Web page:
Pine pollen under the microscope
A late Silurian sporangium bearing trilete spores. Such spores are the earliest evidence of life on land.[1] Green: A spore tetrad. Blue: A spore bearing a trilete mark – the -shaped scar. The spores are about 3035 μm across.

Palynology is the "study of dust" (from Greek παλύνω, palunō, "strew, sprinkle"[2] and -logy) or "particles that are strewn". A classic palynologist analyses particulate samples collected from the air, from water, or from deposits including sediments of any age. The condition and identification of those particles, organic and inorganic, give the palynologist clues to the life, environment, and energetic conditions that produced them.

The term is sometimes narrowly used to refer to a subset of the discipline, which is defined as "the study of microscopic objects of macromolecular organic composition (i.e., compounds of carbon, hydrogen, nitrogen and oxygen), not capable of dissolution in hydrochloric or hydrofluoric acids".[3] It is the science that studies contemporary and fossil palynomorphs, including pollen, spores, orbicules, dinocysts, acritarchs, chitinozoans and scolecodonts, together with particulate organic matter (POM) and kerogen found in sedimentary rocks and sediments. Palynology does not include diatoms, foraminiferans or other organisms with siliceous or calcareous exoskeletons.

Palynology is an interdisciplinary science and is a branch of earth science (geology or geological science) and biological science (biology), particularly plant science (botany). Stratigraphical palynology is a branch of micropalaeontology and paleobotany, which studies fossil palynomorphs from the Precambrian to the Holocene.

A history of palynology

Early history

The earliest reported observations of pollen under a microscope are likely to have been in the 1640s by the English botanist Nehemiah Grew,[4] who described pollen and the stamen, and correctly predicted that pollen is required for sexual reproduction in flowering plants.

By the late 1870s, as optical microscopes improved and the principles of stratigraphy were worked out, Robert Kidston and P. Reinsch were able to examine the presence of fossil spores in the Devonian and Carboniferous coal seams and make comparisons between the living spores and the ancient fossil spores.[5] Early investigators include Christian Gottfried Ehrenberg (radiolarians, diatoms and dinoflagellate cysts), Gideon Mantell (desmids) and Henry Hopley White (dinoflagellate cysts).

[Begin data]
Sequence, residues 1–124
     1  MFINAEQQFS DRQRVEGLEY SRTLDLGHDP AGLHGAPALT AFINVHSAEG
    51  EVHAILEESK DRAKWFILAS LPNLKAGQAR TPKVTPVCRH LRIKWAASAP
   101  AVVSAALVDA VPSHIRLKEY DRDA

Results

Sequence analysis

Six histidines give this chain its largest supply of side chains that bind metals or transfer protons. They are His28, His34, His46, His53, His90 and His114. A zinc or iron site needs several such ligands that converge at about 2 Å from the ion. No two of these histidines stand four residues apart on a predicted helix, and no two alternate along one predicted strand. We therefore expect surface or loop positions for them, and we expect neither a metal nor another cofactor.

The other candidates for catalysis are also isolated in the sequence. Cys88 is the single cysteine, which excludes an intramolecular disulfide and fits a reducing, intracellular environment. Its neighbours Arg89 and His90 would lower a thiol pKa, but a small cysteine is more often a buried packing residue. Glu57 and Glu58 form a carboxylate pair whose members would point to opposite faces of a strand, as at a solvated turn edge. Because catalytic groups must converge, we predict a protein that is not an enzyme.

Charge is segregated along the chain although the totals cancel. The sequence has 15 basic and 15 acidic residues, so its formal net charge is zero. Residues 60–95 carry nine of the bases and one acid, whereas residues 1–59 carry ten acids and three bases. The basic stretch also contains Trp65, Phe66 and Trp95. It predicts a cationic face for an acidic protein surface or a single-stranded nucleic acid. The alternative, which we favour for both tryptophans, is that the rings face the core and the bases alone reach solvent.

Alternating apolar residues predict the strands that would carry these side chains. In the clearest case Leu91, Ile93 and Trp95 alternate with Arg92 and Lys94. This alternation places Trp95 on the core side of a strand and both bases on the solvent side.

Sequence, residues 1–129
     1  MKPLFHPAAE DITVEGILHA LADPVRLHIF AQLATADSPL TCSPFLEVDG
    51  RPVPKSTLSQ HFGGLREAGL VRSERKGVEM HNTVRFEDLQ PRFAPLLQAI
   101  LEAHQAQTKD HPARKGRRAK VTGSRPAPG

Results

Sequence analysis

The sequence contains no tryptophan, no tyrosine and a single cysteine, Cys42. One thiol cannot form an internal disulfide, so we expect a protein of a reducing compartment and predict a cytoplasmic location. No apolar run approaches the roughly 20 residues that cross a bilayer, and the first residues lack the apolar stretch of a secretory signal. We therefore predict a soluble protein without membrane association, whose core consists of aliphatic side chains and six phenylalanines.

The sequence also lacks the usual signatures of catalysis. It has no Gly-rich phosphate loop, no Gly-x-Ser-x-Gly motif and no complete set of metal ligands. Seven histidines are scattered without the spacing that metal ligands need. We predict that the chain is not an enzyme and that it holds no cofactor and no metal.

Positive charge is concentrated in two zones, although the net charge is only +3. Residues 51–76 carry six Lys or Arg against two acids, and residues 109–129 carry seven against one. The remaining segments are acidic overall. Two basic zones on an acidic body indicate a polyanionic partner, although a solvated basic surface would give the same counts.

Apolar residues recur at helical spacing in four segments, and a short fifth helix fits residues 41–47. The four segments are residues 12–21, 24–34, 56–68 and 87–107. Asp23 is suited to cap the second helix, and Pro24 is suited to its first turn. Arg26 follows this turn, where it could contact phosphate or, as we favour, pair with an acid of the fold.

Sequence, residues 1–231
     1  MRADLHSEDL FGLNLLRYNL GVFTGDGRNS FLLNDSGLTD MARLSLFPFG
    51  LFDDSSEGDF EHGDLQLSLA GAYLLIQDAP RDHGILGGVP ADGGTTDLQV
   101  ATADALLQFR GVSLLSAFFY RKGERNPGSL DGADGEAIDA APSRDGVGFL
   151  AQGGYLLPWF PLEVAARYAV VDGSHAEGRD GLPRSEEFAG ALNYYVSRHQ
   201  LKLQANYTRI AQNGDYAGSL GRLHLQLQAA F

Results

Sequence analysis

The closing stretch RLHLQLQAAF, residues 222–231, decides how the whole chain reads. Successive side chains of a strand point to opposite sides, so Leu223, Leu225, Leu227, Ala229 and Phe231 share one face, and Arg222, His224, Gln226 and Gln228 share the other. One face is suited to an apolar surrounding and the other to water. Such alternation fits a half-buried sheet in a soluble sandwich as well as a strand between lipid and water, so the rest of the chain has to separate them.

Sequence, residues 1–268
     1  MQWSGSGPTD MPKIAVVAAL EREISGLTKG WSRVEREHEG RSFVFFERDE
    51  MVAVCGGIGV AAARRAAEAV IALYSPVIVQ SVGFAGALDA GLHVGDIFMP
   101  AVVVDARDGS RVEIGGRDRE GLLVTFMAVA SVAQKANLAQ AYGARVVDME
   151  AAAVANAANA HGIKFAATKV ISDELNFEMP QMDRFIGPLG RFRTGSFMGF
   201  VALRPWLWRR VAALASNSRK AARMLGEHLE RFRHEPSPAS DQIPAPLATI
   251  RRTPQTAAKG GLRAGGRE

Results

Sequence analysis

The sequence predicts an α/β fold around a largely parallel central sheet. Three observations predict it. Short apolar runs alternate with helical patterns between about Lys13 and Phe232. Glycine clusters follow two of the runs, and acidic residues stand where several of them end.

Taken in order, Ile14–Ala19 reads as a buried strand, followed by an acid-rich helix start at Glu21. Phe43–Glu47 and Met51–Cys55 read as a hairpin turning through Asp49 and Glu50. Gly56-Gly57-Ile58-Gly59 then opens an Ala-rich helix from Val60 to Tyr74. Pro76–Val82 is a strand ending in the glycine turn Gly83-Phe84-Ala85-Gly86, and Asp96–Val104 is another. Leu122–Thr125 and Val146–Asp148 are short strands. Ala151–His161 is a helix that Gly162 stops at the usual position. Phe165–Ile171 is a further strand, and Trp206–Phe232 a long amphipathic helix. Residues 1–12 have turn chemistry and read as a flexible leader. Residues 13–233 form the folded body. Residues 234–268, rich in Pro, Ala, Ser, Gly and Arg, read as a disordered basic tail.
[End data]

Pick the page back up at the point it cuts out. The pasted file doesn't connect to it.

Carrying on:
Palynology 1890s to 1940s

Quantitative analysis of pollen began with Lennart von Post's published work.[6] Although he published in the Swedish language, his methodology gained a wide audience through his lectures. In particular, his Kristiania lecture of 1916 was important in gaining a wider audience.[7] Because the early investigations published in the Nordic languages or Scandinavian languages the field of pollen analysis was confined to those countries.[8] The isolation ended with the German publication of Gunnar Erdtman's 1921 thesis. The methodology of pollen analysis became widespread throughout Europe and North America and revolutionized Quaternary vegetation and climate change research.[7][9]

Earlier pollen researchers were Früh (1885),[10] who enumerated many common tree pollen types, and a considerable number of spores and herb pollen grains. There is a study of pollen samples taken from sediments of Swedish lakes by Trybom (1888),[11] Pinus (Pine) and Picea (Spruce) pollen was found in such profusion that he considered them to be serviceable as "index fossils". Georg F. L. Sarauw studied fossil pollen of middle Pleistocene age (Cromerian) from the harbour of Copenhagen.[12] Lagerheim (in Witte 1905) and C. A.Weber (in H. A. Weber 1918) appear to be among the first to undertake 'percentage frequency' calculations.

Palynology 1940s to 1989

The term palynology was introduced by Hyde and Williams in 1944, following correspondence with the Swedish geologist Antevs, in the pages of the Pollen Analysis Circular (one of the first journals devoted to pollen analysis, produced by Paul Sears in North America). Hyde and Williams chose palynology on the basis of the Greek words paluno meaning 'to sprinkle' and pale meaning 'dust' (and thus similar to the Latin word pollen).[13]